The fall television premiere season is an important time in American culture. I look forward to it with the same anticipation and anxiety with which a child might approach the first day of school, only it’s a lot better because it's not school. Last night kicked this season off in a big way with the premieres of both "New Girl" and "The Mindy Project" on Fox. Having spent the last four months watching crappy summer reality programming like "The Quest" and "Big Brother," I was more than ready to welcome these beloved, well-written shows back in my life.
And both started out strong. Zooey Deschanel and Mindy Kaling sparkled as leading ladies while wearing dresses that made me wish I made more money. Each supporting cast filled my life with smart dialogue and hysterical delivery. Zany situations, mild high jinx, Morgan, Schmidt.
Watching these shows back-to-back, though, I couldn’t help thinking about how Fox knew exactly what it was doing in airing them back-to-back. Both follow the lives of young female professionals with "quirky" personalities and a knack for awkward encounters and romantic entanglements. Sure, Mindy is more of a workplace comedy. But whether it takes place in a loft in Los Angeles or a gynecological office in Manhattan, these are both fundamentally sitcom rom-coms.
And, to be honest, that’s what makes me nervous for their futures. Charming as the shows are, I worry that they may have already peaked a bit too early. Especially in the case of "New Girl," the relationship between Jess and Nick seems to have dwindled to a lackluster puddle of awkwardness. This is common among shows whose main love story resolves far too quickly. First they were roommates, then they were roommates/friends who fought a lot, and then midway through Season 2, they kissed! And: that kiss. That was seriously a good kiss, one of the best in TV history, or as Jess described it: “It was firm but tender. I saw through space and time for a moment, but that’s not the point.”
And that really isn’t the point because as much as I loved that kiss, it very well may have been the kiss of death. As a viewer, I would have been fine riding that Sam-and-Diane tension for much longer, a couple of seasons even. But nope. Instead of will-they-won’t-they, they just did. They got in a relationship, and it quickly got weird. The entirety of Season 3 focused on the flaws in their relationship, and by the end, they were broken up. The season premiere featured Nick encouraging Jess to have sex with the best man at a wedding, and it just felt ridiculous.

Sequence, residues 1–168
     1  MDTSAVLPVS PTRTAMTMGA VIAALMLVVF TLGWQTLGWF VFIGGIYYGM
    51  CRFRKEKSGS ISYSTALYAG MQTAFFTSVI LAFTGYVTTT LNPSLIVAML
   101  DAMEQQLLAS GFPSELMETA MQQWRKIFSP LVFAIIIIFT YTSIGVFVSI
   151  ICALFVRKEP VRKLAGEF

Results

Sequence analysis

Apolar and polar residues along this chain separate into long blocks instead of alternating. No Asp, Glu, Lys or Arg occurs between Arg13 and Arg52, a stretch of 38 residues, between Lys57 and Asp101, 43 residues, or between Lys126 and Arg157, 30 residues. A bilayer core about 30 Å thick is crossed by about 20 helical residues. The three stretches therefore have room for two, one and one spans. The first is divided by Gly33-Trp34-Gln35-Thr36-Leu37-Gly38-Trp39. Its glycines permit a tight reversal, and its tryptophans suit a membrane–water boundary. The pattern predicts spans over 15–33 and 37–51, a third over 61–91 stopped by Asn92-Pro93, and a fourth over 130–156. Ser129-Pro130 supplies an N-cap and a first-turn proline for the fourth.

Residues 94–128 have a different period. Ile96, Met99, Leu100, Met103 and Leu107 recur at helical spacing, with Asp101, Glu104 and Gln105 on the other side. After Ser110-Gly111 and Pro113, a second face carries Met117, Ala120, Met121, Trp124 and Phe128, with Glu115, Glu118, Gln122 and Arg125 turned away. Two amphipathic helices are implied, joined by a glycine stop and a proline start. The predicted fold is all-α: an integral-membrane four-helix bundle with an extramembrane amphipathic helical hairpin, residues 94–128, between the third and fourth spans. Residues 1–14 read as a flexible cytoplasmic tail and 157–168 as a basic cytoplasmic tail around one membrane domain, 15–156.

It is possible that "The Mindy Project" might be in for a similar fate. Near the end of last season, Mindy and co-worker Danny Castellano kissed unexpectedly, and in the final episode of Season 2, they officially began dating. From where I sit, this was another example of a totally premature romance. We barely had enough time to realize they were into each other before they sealed the deal, and now already in the premiere of Season 3, it is evident that they are in for a world of trouble. This episode was all about Danny keeping secrets from Mindy. The next one will probably be about some other vague misunderstanding, and on and on it will go, until they too will endure a painful breakup (I predict midseason, but perhaps that’s too pessimistic).
To avoid the discomfort of these broken relationships, both shows have amped up the antics of the supporting cast, and they have even added new characters to the roster. For a show so driven by cast chemistry, bringing in someone new can be a risky move, but if done correctly, it can effectively save the show. In the case of "The Mindy Project," Adam Pally was brought in on Season 2 as Peter Prentice, and what timing! The show needed the lovable bro-ishness of Peter to offset all of that romantic tension seeping from the Mindy-Danny story. They also brought on Tamra, a recurring character from Season 1 played by Xosha Roquemore, who also gets in some good one-liners here and there.
The risk did not pay off as well in the case of "New Girl." Last season saw the return of Coach, played by Damon Wayans Jr., an original cast member who disappeared suddenly after the pilot episode. His reentrance into the show has made things feel slightly crowded (literally so, considering all of these people are supposedly sleeping in one loft), and so far he just seems to merely fill the role of an arrogant, womanizing creep. I still hold out hope for him, though. Perhaps he has some deep, wonderful, humanizing flaw that will make him as lovable as the rest of the cast.
I’m not saying by any means that "The Mindy Project"and "New Girl" are on the decline. If last night’s premieres are any indication of what’s to come, we are in for a lot more smart comedy and shenanigans from both of these shows. I just think they could potentially have a lot to learn from each other. And as a young, quirky professional with a zest for life, I'm hoping these lessons are learned early enough so we can keep Mindy and Jess around for a long, long time.